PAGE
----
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Gore to Get Daschle’s Backing

March 19, 1999

DES MOINES, Iowa (AP) _ Vice President Al Gore will pick up the presidential endorsement of the Democrats’ Senate leader, Tom Daschle, during a visit to South Dakota on Monday, officials say.

Gore was endorsed by Rep. Dick Gephardt, the party’s House leader, this week as the Democratic establishment began to close ranks. Some Democratic leaders are hoping to settle the nomination early, allowing the party to focus on the battle to retain the White House without a difficult primary campaign.

The vice president is headed Monday to an innovative elementary school in Sioux Falls for an appearance with Daschle and South Dakota’s other Democratic senator, Tim Johnson. Johnson said both he and Daschle would endorse Gore.

``Gore is a very solid, very thoughtful leader ... who understands the problems of rural America, but also understands the need to promote a high-tech future for our country as well,″ Johnson said Friday.

Gephardt, who had considered seeking the nomination himself, endorsed Gore this week during a campaign swing through New Hampshire and Iowa.

The only rival to formally enter the race for the Democratic presidential nomination is former New Jersey Sen. Bill Bradley, who has run an active campaign in key early states such as Iowa and New Hampshire, though he’s trailed in the early polling.

Two-time candidate Jesse Jackson is also considering a bid.

While Gore is well positioned in the race for the Democratic nomination, polls have shown some weakness in matchups with prominent Republicans such as Texas Gov. George W. Bush and Elizabeth Dole.

There’s a large field of potential Republican candidates, and some Democrats believe Gore could benefit if he could take the high road while Republicans rip into each other.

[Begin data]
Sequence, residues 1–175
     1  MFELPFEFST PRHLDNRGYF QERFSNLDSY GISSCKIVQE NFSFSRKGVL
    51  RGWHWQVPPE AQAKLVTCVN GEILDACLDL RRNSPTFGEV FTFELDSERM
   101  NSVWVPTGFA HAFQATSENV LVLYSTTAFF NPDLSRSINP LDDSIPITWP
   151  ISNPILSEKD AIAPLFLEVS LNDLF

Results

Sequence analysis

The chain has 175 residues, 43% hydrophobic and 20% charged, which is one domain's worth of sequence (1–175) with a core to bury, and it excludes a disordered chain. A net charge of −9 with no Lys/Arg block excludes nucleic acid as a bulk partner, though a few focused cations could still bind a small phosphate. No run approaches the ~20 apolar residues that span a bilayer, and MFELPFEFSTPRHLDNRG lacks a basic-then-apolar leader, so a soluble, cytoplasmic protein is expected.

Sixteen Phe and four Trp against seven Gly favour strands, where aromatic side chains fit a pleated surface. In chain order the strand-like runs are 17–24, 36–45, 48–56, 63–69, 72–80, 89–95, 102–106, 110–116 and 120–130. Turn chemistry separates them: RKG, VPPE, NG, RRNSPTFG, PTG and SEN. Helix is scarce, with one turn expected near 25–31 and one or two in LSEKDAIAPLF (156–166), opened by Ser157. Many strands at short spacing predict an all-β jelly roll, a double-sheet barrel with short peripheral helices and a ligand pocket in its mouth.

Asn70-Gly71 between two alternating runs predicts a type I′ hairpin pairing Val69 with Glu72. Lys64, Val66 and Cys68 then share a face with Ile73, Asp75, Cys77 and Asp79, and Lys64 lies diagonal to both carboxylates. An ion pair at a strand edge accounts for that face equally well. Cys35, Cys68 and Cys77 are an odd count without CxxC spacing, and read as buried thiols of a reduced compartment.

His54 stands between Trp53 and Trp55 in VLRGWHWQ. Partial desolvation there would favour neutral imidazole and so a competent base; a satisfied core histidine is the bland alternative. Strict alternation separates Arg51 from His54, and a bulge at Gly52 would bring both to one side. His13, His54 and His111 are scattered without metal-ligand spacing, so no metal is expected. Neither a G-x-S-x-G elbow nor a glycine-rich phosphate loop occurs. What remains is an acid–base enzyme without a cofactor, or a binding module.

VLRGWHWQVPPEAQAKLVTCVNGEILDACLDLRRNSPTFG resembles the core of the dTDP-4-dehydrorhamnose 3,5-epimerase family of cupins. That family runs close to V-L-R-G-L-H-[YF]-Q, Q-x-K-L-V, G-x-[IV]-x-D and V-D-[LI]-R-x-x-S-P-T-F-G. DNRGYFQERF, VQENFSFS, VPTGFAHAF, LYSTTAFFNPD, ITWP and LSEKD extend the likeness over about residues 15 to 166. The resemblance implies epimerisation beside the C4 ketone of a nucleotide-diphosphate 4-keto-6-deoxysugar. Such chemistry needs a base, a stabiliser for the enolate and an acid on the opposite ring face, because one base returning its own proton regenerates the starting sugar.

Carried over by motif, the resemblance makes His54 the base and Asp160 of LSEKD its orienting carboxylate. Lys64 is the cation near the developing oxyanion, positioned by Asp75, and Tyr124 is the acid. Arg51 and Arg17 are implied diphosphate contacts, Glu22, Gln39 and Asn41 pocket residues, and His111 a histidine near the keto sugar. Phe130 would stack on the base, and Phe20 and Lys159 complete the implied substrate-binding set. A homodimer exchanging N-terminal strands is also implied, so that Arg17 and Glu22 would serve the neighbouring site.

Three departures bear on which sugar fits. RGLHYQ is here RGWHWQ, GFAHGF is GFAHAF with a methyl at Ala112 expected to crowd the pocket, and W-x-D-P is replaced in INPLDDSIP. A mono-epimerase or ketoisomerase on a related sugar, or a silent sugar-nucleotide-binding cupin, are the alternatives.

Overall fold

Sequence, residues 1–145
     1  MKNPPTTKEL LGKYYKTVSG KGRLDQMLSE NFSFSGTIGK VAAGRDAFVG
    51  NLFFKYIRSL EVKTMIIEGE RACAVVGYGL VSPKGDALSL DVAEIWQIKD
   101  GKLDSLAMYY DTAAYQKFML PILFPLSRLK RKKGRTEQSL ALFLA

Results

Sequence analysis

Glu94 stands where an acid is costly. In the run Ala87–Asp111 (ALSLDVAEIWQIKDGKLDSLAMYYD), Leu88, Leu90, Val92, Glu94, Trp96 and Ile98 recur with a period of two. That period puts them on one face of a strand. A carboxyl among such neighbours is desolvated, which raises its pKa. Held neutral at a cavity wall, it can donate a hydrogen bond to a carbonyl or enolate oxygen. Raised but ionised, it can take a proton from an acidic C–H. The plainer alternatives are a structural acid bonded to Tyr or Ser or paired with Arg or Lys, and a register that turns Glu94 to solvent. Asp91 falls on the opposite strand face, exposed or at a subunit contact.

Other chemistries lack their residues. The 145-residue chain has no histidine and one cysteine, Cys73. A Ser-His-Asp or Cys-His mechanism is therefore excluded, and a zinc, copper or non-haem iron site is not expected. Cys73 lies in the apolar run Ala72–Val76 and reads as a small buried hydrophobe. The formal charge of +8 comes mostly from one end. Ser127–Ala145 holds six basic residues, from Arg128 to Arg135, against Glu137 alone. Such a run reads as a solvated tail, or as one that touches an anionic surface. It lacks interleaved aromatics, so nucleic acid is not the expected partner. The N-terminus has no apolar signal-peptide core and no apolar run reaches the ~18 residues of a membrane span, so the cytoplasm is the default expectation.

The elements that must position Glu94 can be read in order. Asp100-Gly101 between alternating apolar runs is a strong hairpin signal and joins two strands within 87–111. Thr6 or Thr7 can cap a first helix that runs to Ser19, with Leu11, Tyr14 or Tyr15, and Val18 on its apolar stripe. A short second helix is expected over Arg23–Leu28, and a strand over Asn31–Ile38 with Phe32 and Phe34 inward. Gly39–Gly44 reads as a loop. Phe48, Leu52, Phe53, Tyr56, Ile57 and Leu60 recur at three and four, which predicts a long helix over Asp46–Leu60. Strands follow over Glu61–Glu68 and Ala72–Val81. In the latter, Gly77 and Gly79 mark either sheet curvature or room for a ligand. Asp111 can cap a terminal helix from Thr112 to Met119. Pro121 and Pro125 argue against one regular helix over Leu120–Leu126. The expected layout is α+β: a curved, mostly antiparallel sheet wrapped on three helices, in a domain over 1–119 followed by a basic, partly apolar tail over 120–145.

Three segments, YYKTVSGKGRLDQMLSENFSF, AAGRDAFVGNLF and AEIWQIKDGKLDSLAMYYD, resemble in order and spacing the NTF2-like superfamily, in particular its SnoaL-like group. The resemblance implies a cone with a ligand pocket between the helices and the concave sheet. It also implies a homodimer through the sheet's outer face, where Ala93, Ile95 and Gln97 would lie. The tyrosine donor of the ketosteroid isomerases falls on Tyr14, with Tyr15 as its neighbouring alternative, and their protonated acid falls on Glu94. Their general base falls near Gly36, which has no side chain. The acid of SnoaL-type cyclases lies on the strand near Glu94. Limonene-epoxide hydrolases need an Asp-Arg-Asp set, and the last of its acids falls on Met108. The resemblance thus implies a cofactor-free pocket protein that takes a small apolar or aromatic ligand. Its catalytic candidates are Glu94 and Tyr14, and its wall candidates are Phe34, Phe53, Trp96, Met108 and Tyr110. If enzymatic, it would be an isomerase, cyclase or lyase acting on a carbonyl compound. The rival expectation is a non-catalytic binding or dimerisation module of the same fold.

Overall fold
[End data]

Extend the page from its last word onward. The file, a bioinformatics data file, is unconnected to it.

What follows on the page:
Following his appearance in South Dakota, Gore will head for two campaign stops in central Iowa later Monday. Precinct caucuses in Iowa launch the presidential nominating season early next year, followed quickly by the nation’s first primary in New Hampshire.

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Republican presidential contenders should avoid attacking Bush and Mrs. Dole to give them ``a decent interval″ to lay out an agenda, commentator Pat Buchanan said Friday.

``We can make our differences known closer to the primaries,″ Buchanan said in an interview. He said he had spoken with some of the other Republican candidates on the subject.

Buchanan himself is known as a firebrand on the campaign trail. Some Republicans blame his 1992 primary campaign against then-President Bush for setting the president up to lose the election to Bill Clinton.

Republican strategists also argue that a strident assault on front-runner Bob Dole during the last primary season left him a wounded nominee incapable of seriously challenging Clinton.

Buchanan rejected suggestions that he was a strange candidate to be bearing a peace pipe. He noted that it was Steve Forbes who waged the assault on Dole in the last election cycle.

With polls showing Bush and Mrs. Dole with a big lead over their potential rivals, there have already been some rhetorical shots fired this year. Former Education Secretary Lamar Alexander has criticized Bush’s use of the term ``compassionate conservative″ and publisher Forbes also has had critical remarks.

Buchanan said of his party’s front-runners: ``I believe and I hope the Republican candidates will respond and give them some breathing room and a chance to lay out their agenda.″

``I think the Republicans are going to hold their fire as long as they can,″ he said. ``Republicans want to avoid a bloodbath because they can taste victory in 2000.″

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Although he has been exploring a presidential candidacy for months, Rep. John Kasich snapped that he doesn’t ``do politics″ when a television reporter asked him this week about his ambitions.

The Ohio Republican was making campaign-style appearances in New Hampshire when an interview with television station WNDS went awry.

Reporter Alicia Preston said Friday that Kasich had just finished touring a Merrimack investment company and she asked him when he would decide whether to run for president.

``I have no idea,″ he barked. ``That’s a mechanical, political question and I don’t do politics. You’ll have to ask my press secretary.″

WNDS aired the exchange that night, describing Kasich as ``agitated and abrupt.″ Later in the week, The Union Leader of Manchester wrote sarcastically about his comments in a political column.

A supporter said Kasich was not aware he was being filmed. He went on to answer other questions for the WNDS reporter, then hurried off to another appearance and an interview with another station.

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